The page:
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Sea fishing off the Poitou-Charentes Atlantic coast

Sea fishing off the Poitou-Charentes Atlantic coast

Ron Cousins takes us to the hot spots of the Charente Maritime coast, where sea fishing is on the programme...

If the poor exchange rate and the high price of bass on the fishmonger's counter are keeping this saltwater delicacy off your menu, here's some good news: the sea along the Charente Maritime coastline is the summer home to huge shoals of these fish, as well as other culinary delights such as sole, turbot, rays, mackerel and sea bream. All you have to do is catch them - and it's not as hard as you may think.

best-sea-fishing-atlantic-coastNo fishing licence is needed and even the non-angler can have a go because at La Rochelle, Île d'Oléron and Royan the cost of a boat fishing trip includes the use of all tackle and instruction from an experienced skipper. Regular walk-on trips go from Port Bourgenay, north of La Rochelle and Les Sables at Royan, while others require advance booking.

In the south of the department, the Pole Nature de Vitrezay Wetlands Centre, on the Gironde estuary, provides lessons in beach sea kayak fishing. And at Saint-Palais-sur-Mer, near Royan, 'Introduction to Fishing' sessions are held on the sea front.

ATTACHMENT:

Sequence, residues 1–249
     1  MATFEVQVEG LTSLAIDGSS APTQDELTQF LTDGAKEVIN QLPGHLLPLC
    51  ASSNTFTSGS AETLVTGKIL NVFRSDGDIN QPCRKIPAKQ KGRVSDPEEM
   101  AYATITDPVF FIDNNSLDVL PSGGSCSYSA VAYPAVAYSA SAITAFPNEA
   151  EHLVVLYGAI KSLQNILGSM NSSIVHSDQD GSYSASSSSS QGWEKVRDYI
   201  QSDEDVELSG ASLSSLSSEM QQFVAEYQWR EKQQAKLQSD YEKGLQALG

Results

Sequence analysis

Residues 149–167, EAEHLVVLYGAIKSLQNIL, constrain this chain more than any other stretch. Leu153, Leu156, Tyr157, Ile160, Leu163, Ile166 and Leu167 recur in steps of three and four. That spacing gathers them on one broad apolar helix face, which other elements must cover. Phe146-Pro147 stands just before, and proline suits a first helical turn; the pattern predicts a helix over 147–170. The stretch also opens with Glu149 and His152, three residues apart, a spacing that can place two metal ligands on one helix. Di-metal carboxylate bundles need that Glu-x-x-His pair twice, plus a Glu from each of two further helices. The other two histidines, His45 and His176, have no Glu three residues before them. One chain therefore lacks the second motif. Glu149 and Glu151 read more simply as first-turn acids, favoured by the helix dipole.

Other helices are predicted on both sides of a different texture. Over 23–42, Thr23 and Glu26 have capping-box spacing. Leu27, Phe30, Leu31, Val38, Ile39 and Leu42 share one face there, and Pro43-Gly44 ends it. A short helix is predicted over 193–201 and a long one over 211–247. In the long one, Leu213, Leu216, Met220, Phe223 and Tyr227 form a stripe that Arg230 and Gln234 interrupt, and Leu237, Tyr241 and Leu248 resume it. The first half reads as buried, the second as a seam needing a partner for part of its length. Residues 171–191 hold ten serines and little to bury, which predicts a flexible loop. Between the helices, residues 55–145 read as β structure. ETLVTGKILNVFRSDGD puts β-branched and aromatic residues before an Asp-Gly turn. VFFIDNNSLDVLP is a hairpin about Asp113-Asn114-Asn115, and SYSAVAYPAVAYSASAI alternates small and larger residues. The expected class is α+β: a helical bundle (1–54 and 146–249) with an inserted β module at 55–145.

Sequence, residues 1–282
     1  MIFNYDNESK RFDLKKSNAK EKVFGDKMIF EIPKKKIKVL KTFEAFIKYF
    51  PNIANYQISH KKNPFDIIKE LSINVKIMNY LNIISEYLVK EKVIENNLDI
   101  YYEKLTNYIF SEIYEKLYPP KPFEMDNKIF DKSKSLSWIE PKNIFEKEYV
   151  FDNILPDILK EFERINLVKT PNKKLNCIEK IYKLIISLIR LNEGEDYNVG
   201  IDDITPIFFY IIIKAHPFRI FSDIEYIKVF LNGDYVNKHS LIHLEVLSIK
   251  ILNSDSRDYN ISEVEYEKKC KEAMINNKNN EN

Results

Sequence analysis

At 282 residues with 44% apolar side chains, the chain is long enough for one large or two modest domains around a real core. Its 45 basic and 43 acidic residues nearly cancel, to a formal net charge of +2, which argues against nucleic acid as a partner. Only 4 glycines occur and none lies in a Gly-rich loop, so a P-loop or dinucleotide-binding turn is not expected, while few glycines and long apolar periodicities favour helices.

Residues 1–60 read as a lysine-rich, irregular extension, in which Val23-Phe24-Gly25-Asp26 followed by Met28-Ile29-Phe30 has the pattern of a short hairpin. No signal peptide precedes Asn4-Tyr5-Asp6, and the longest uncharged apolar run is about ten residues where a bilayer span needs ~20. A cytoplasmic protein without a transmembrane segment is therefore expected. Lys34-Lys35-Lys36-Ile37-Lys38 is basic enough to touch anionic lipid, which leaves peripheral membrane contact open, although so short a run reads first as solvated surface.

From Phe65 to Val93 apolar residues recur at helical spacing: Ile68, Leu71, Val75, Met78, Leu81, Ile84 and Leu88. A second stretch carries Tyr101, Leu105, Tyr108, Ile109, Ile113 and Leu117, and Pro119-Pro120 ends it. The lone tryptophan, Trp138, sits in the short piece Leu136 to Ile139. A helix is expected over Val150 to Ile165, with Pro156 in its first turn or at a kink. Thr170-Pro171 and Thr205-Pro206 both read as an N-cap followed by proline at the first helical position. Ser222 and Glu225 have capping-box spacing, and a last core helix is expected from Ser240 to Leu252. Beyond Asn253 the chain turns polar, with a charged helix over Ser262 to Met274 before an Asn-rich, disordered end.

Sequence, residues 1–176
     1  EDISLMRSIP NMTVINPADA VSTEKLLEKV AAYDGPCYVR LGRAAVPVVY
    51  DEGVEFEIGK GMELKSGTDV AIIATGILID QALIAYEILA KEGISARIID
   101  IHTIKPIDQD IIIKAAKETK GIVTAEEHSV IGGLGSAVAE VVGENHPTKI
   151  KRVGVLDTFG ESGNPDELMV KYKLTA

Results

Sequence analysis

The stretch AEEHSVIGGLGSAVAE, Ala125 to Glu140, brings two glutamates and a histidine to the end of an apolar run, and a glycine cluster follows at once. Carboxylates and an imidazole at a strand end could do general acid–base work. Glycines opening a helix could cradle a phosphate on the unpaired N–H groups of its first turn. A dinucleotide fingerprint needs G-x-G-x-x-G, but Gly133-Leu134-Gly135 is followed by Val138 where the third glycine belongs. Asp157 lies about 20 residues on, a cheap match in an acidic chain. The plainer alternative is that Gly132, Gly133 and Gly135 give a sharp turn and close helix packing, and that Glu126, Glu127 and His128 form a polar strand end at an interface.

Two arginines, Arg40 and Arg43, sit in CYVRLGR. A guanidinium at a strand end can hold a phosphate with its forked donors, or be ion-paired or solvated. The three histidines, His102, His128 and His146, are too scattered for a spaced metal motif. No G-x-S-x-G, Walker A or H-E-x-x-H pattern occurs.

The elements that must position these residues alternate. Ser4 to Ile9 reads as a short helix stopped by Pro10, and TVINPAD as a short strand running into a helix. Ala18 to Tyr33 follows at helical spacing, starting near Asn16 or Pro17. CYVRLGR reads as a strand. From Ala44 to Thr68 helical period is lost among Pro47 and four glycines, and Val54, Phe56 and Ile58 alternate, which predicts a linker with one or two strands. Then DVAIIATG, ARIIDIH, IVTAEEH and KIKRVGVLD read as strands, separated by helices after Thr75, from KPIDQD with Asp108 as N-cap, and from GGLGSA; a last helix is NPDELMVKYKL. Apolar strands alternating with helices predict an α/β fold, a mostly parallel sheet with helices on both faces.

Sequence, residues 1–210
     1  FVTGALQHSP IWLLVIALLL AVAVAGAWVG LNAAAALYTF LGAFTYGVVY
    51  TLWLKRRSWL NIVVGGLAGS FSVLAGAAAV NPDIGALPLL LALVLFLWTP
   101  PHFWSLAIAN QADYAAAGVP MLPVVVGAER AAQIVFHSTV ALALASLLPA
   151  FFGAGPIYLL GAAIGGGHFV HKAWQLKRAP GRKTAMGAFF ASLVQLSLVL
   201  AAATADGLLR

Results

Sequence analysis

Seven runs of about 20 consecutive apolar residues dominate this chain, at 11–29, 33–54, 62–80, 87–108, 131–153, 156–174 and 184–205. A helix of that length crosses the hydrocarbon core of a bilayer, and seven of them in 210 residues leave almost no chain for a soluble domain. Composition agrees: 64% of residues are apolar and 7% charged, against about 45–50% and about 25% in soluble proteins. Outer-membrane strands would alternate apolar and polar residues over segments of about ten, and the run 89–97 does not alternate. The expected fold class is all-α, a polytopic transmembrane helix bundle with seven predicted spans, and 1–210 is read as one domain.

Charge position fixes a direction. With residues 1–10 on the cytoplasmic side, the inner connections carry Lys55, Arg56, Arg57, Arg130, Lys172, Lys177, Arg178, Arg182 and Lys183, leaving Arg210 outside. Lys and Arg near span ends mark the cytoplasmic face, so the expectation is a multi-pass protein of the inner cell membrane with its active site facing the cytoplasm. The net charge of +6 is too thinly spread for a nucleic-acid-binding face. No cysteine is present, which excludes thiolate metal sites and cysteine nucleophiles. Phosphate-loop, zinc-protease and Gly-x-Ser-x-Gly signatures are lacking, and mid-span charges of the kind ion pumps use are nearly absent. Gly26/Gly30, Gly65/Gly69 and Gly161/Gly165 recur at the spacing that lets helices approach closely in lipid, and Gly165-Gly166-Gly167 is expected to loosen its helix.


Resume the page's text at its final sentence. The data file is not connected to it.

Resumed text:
The more experienced anglers can polish up their boat angling skills with top bass fishing guide Olivier Journaux, who speaks English and tracks down the bass shoals with his 27ft purpose-built boat that operates out of St Denis. Ile d'Oléron.

For most occasional sea anglers, however, the beach will be the choice - and for this, freshwater fishing tackle is quite adequate. Bass come close inshore into very shallow water as they feed on sand eels, small fish and crabs, so long casting isn't essential and a spinning rod or carp rod teamed with a fixed spool reel carrying a line of around 10lb breaking strain is ideal.

Using an artificial lure is the popular way of bass fishing in France, and in shallow surf the floating plug bait types work well. A range of the popular Rapalas or similar wooden body baits in silver and blue colours and sizes between 7cm and 13cm should cover all eventualities, while a few rubber sand eel lures are useful for deeper water: Also very effective are the soft bodied shad lures: these inexpensive im tation fish are a good choice when casting over rough ground where some fishing tackle is sure to be lost among the rocks. The same rod, reel and line can be quickly adapted for bait fishing by using a running lead stopped by a split shot and size 2 to 8 hooks to take pieces of crab, squid or worm as bait.

Even a confirmed fly fisherman doesn't have to miss out, as bass will take an artificial fly equally as enthusiastically as a trout, and they provide exciting sport on a light fly rod. Special bass-pattern flies, tied to look like small fish or sand eels when retrieved through the water, are available; but large reservoir lures such as Cat's Whisker and Ace of Spade will catch their share, as will sea trout flies and wet fly patterns like Alexandra and Bloody Butcher tied on large hooks.